Separation of Duties (SoD) – modelling patterns

The following is a list of the separation of duties patterns supported by DCR process models.

IdDescriptionModel
1A purchase request must be approved by a different person other than the one who issued itModel
2Alice and Bob are caseworkers, and Charlie is a manager. A caseworker (different than the one that has run the case) must revise the case before reaching a conclusion. The manager cannot revise the caseModel
3A purchase request must be approved by a different person other than the one who issued it.Model
4If Adam is a manager, he is also an employee, which would allow him to both file travel requests (as an employee) and approve them (as a manager). However, he cannot approve his own requests. Charlie (as a manager) can approve Adam’s requestsModel
5The activity Act1 must contain at least N unique roles.A senior programmer and a programmer should be involved in a pair programming activityModel
6If two activities are independent (for instance, they need to be executed in parallel), they are required to be done by different rolesModel
7If two tasks Act1 and Act2 correspond to different subprocesses Sub1 and Sub2, they need to be assigned to different roles.Example: The coding and acceptance testing are two separate processes. For a given PBI, if you have start coding your solution, other person needs to perform acceptance testingModel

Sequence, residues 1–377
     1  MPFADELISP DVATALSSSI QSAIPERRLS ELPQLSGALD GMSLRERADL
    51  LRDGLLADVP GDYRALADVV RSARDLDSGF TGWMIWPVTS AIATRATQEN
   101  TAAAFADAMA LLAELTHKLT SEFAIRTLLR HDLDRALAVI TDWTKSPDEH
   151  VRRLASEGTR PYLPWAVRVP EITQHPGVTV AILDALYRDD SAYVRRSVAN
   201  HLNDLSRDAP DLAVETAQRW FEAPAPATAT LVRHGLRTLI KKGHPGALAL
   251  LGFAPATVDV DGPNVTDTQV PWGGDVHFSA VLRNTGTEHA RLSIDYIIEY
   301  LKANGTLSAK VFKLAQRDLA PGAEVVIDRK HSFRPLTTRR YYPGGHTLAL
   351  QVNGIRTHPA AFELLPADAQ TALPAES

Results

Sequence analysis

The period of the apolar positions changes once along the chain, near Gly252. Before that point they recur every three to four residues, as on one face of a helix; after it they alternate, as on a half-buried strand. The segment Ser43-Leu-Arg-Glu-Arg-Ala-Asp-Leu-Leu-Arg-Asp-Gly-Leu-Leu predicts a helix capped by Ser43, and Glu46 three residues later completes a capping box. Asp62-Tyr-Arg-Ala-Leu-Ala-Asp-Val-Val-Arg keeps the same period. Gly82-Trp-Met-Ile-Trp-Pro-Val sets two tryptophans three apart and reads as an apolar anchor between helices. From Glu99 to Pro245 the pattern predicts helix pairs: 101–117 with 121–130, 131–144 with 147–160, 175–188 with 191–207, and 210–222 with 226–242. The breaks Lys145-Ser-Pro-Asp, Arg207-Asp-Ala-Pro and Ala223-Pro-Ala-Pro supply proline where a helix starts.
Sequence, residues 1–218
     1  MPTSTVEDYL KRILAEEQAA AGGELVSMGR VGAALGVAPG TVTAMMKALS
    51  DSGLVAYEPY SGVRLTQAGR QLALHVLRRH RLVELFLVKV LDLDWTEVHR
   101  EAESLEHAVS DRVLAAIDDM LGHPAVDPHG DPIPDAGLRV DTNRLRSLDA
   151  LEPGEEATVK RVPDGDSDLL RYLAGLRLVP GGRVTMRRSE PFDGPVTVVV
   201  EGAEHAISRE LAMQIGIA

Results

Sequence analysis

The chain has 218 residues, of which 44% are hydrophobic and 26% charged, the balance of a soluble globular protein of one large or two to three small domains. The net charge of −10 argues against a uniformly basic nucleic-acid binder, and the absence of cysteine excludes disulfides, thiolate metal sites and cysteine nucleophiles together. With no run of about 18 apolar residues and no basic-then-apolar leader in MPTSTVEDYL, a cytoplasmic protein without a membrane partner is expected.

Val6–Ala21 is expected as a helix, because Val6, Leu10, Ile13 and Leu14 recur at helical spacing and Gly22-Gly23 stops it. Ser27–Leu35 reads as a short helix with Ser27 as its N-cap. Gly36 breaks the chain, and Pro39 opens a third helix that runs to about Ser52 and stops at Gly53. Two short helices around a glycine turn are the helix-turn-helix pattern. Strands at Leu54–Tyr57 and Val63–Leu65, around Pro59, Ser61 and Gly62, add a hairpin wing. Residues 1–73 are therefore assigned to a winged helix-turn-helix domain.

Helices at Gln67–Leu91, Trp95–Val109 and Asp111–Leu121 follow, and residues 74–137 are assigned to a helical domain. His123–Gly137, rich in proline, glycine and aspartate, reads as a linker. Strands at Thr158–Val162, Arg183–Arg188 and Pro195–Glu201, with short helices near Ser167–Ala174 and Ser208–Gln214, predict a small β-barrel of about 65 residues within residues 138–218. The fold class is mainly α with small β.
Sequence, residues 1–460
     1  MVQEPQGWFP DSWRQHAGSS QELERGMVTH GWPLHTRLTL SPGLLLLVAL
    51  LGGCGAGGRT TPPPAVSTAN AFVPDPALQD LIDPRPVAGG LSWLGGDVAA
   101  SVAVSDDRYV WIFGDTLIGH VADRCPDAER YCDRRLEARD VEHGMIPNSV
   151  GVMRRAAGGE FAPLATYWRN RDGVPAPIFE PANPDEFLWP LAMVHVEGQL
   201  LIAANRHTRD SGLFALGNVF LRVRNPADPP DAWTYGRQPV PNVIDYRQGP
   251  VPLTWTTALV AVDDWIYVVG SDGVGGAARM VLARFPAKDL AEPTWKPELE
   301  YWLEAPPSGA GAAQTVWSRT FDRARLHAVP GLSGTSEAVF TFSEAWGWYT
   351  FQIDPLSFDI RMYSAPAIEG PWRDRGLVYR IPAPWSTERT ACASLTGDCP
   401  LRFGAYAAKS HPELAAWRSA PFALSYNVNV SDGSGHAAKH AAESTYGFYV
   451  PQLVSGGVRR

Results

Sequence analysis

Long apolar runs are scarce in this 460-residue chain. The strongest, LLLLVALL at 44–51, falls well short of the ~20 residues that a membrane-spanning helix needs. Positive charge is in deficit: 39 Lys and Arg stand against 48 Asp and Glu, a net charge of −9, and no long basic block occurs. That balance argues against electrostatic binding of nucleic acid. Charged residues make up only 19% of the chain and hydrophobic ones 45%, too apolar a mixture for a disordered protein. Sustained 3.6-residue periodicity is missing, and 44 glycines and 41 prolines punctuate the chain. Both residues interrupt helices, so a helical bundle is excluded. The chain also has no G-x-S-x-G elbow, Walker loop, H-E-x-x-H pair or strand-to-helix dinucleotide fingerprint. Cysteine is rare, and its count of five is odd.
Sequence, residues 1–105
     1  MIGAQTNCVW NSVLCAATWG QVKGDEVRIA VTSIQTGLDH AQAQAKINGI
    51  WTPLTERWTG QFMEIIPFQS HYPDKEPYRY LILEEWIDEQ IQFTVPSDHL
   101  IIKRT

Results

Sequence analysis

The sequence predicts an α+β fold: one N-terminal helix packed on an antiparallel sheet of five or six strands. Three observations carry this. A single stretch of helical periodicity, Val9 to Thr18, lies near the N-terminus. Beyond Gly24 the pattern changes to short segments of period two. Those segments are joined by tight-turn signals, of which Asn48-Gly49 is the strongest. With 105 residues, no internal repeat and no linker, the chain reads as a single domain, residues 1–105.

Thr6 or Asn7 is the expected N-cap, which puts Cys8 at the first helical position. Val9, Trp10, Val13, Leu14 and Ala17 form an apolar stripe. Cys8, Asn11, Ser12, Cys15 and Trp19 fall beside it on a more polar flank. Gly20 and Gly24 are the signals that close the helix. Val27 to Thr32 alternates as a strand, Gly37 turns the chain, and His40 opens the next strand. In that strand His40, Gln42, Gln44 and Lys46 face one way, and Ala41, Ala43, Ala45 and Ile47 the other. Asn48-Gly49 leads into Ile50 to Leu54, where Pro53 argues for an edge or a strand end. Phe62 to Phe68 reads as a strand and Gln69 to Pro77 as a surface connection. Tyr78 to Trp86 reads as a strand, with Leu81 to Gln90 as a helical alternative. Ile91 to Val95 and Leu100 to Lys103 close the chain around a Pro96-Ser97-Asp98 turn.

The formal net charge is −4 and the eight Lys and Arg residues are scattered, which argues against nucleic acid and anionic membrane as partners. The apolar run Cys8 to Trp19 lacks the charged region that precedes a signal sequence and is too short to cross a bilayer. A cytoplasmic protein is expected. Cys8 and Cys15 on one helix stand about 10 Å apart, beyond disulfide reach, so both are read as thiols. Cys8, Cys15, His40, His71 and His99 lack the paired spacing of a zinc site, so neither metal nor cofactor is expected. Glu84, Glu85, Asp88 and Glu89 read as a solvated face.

SoD 1 – Cannot approve my own request

Definition:

[1] Given two activities A and B in a precedence rule, the agent performing A should be different than the agent performing B.

[2] Of two sequential tasks A and B, if A was performed by user R, then B must not be performed by R.

Example:

a purchase request must be approved by a different person other than the one who issued it.

This pattern requires us to remember the distinction between events and labels, and to limit when an event is enabled depending on the execution of other events.

In the above example, we have two events: issuePurchaseRequest (with label “Issue purchase request”), and approveRequest (with label “approve request”).

Notice that approveRequest cannot be performed by the user that performed issuePurchaseRequest (but not vice-versa). This require us to restrict when approveRequest is enabled for a user.

To restrict the enabledness depending on users, we will define a user expression (available in Resources -> User Expression). The expression

__USER__!=IssuePurchaseRequest@UserId 

Let us decompose this expression. Each executed event in DCR has an user ID. For those events that have not been executed, such ID is null. The variable __USER__ has per value the existing user ID, and cannot be altered. Overall, the expression will be evaluated as true if a UserID different than who  executed  IssuePurchaseRequest is simulating/executing the graph. The expression will also evaluate to true if IssuePurchaseRequest has not yet being executed (thus IssuePurchaseRequest@UserId = null)

References:

[1] Awad, Ahmed, Emilian Pascalau, and Mathias Weske. “Towards Instant Monitoring of Business Process Compliance.” EMISA Forum. Vol. 30. No. 2. 2010.